On Friday April 24th, Secretary of State John Kerry will travel to Iqaluit, capital of Canada’s Nunavut territory. At a meeting with representatives from seven other countries (Russia, Canada, Denmark, Finland, Iceland, Norway, and Sweden), Kerry will initiate the two-year American chairmanship of the Arctic Council, taking over from Canada. The U.S. chairmanship comes at a time of rapid changes in the Arctic’s international status. But over the next two years the United States will play a decisive role in shaping the international Arctic community despite the fact that many Americans (apart from Alaskans) aren’t even aware that the United States is an Arctic nation. There are two particular challenges that the U.S. will face: finding a balance between development and conservation, and preventing regional tensions from escalating.
Although economic development of the Arctic (primarily resource extraction) is driven by the profit margins and expansion plans of large corporations such as Shell, Statoil, and Norilsk Nickel, and has environmental consequences, it also brings benefits to the actual inhabitants of the Arctic namely through the building of infrastructure such as roads and airfields, electricity and the internet, and improved healthcare. On the other hand, outside of Russia, the majority of Arctic inhabitants are indigenous people who are dependent, materially and spiritually, on their traditional ways of life, such as hunting marine mammals or herding reindeer. All of which is at risk if oil drilling and mining expands in an unsustainable way.
The United States has tried to carefully walk the line between conservation and development. This spring the U.S. approved Shell’s plans to attempt exploratory drilling in the Chukchi Sea despite a series of mishaps in 2012. At the same time, Washington has set aside particularly sensitive locations in the Beaufort and Chukchi seas as off-limits for energy exploration. But this debate isn’t just between companies and the federal government: the Alaskan government and many residents have generally criticized Washington for hampering oil drilling, which is the state’s most important source of revenue. This debate also plays out internationally: Norway, Russia, and Canada are particularly supportive of economic development, while Finland and Sweden are especially focused on conservation and environmental protection. The United States has an opportunity, in coordination with both President Obama’s climate change initiative and his “all of the above” energy strategy, to bring both sides together, and set an example of both sensible protections and sustainable development.
This weekend, if all goes according to plan, the Arctic Council is expected to ratify an agreement on protecting the Arctic from black carbon, a worthy environmental goal. However, this agreement has been held hostage to the relationship between Russia and the current chair, Canada. Although all sides stress the need to continue Arctic cooperation, this has not played out in practice: U.S. and E.U. sanctions have singled out Russian oil and gas operations in the Arctic, and the recently unannounced visit by Putin aide Dmitri Rogozin to Norwegian-administered Svalbard, in defiance of Norway’s travel ban against him, was a deliberate provocation.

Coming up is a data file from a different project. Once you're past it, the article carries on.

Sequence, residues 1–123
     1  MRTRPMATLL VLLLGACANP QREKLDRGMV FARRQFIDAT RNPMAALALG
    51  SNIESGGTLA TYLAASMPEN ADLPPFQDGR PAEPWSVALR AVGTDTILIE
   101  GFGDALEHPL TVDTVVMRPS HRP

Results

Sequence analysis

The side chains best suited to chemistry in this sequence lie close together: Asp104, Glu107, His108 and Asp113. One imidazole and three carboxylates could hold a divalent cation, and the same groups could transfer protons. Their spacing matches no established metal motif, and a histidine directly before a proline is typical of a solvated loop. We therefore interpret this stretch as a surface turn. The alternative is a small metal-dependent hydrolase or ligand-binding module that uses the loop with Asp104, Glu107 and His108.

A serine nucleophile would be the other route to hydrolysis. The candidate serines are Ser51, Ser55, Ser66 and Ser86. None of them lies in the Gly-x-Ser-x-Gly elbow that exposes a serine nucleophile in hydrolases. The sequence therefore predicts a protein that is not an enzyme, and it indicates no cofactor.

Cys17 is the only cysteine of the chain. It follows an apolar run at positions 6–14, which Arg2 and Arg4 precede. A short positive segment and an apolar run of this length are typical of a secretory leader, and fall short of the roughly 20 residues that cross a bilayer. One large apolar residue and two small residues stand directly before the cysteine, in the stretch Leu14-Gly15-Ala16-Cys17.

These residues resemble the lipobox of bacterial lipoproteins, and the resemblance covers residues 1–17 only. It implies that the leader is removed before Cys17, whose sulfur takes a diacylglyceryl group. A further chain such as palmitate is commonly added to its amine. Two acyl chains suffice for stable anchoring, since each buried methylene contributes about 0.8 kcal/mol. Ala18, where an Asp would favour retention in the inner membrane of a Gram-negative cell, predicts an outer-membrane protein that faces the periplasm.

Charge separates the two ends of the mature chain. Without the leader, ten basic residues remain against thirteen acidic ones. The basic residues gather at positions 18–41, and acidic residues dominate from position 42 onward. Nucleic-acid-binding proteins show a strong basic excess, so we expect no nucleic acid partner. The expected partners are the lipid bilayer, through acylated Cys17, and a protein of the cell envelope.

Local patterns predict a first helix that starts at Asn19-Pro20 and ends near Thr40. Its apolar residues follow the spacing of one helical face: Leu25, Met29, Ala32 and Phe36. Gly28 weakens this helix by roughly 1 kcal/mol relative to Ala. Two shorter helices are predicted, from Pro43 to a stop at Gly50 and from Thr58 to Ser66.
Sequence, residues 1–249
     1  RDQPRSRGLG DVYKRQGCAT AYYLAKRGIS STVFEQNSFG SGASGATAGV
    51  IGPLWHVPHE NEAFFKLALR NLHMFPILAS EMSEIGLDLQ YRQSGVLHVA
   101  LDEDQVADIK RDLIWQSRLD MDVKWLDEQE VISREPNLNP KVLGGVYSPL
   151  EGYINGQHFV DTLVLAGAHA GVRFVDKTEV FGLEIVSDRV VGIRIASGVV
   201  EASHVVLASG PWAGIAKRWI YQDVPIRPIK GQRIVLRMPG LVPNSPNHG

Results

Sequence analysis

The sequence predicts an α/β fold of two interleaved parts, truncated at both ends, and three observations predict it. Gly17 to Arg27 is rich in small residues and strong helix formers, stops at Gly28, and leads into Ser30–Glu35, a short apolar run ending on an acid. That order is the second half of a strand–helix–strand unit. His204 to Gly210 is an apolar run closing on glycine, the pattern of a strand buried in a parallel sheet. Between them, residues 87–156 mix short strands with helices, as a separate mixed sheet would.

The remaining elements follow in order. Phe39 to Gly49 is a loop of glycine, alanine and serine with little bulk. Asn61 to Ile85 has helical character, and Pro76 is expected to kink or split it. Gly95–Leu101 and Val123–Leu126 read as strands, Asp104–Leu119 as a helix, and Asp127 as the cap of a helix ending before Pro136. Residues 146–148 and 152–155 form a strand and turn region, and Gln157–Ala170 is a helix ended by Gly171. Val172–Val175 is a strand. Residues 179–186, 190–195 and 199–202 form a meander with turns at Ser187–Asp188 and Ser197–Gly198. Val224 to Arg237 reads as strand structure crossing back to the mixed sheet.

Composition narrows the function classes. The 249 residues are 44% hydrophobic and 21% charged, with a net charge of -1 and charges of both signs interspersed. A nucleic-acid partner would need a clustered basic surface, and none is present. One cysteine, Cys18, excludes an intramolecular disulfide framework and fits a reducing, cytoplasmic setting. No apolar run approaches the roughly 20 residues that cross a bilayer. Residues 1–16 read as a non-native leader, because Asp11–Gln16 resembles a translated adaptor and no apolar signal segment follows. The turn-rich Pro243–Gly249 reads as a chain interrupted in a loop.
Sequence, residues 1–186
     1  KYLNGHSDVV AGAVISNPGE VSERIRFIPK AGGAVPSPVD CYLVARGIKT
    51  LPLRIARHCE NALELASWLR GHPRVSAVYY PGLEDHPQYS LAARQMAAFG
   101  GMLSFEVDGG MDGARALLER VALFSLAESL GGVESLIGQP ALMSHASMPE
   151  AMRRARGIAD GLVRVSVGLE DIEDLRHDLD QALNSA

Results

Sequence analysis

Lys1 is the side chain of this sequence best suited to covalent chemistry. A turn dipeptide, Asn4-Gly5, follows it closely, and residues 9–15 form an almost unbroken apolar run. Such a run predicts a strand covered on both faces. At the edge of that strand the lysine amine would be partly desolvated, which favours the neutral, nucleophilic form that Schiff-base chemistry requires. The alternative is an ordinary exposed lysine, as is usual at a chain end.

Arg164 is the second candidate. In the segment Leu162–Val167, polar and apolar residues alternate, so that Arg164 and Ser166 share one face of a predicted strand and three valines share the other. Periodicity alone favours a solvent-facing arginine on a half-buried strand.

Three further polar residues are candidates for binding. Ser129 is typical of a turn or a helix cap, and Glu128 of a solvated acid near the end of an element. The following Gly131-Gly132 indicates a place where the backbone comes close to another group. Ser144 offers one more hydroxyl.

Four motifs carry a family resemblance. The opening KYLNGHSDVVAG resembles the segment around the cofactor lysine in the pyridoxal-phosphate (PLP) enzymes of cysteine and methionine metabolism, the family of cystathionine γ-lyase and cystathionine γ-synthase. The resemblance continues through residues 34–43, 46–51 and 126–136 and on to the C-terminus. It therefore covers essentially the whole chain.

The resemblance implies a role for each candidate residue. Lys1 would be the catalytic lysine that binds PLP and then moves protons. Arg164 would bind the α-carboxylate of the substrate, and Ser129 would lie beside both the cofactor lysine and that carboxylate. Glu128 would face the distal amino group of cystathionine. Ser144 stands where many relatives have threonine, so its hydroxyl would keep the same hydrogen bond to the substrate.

Tensions are exacerbated by continued militarization of the Arctic, by all parties. Although the military presence is growing from an admittedly low base, the growth rate is rapid. Russia (which, unlike its Arctic neighbors, has generally followed through on its rhetoric with funding) is forming two Arctic warfare brigades and building nearly a dozen airfields across Siberia’s coast. In addition, because most of Russia’s nuclear deterrence forces are based in the Arctic, increased nuclear posturing is also increasing Arctic security concerns. For example, the Russian navy recently announced that it has increased its Arctic strategic missile submarine patrols by 50 percent over the last year.
This is not to say that a shooting war in the Arctic is inevitable or even likely. The forces involved are too small to be anything other than symbolic, and there are a myriad of peaceful uses for national militaries in the Arctic such as domain awareness, search and rescue, developing capabilities, etc… However, belligerent incidents with Russian military airplanes coming dangerously close to civilian aircraft, or Russian submarines interfering with scientific ships on the high seas highlight the risks of something going wrong; even if no one actually intends to escalate, accidents happen.
The Arctic Council is prevented by its founding document from discussing military security matters. And the issue of reducing Russian-Western tensions is beyond the scope of this article. But unlike Canada’s attempts to tie Arctic diplomacy to events in Ukraine, the United States can work to further Arctic cooperation with Russia. Second-track diplomacy between security forces, such as the biannual Arctic Coast Guard Forum, is an important method to make clear to the Russians that, while the United States strongly disagrees with Russian actions, it also wants to avoid a conflict between their militaries. Although restarting joint Arctic military exercises between the two countries is understandably impractical, the United States does need to keep dialogue open to ensure that conflict elsewhere does not spread into the high north.
The next few years will be critical for shaping the future of the Arctic: will it become a barren nature preserve, an increasingly degraded wasteland, or the front line between jockeying Russian and NATO aircraft and submarines? Over the two years of its Arctic Council chairmanship, the United States will have to take a firm hand to steer the region towards the best outcome – a region of peace with sustainable and equitable development.